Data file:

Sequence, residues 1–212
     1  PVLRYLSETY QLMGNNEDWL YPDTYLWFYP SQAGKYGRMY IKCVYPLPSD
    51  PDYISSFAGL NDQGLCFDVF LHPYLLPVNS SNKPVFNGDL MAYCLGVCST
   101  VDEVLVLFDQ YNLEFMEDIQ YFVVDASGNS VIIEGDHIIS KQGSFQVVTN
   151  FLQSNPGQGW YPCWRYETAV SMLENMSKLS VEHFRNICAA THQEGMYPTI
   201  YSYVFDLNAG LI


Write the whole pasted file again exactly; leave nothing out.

Sequence, residues 1–212
     1  PVLRYLSETY QLMGNNEDWL YPDTYLWFYP SQAGKYGRMY IKCVYPLPSD
    51  PDYISSFAGL NDQGLCFDVF LHPYLLPVNS SNKPVFNGDL MAYCLGVCST
   101  VDEVLVLFDQ YNLEFMEDIQ YFVVDASGNS VIIEGDHIIS KQGSFQVVTN
   151  FLQSNPGQGW YPCWRYETAV SMLENMSKLS VEHFRNICAA THQEGMYPTI
   201  YSYVFDLNAG LI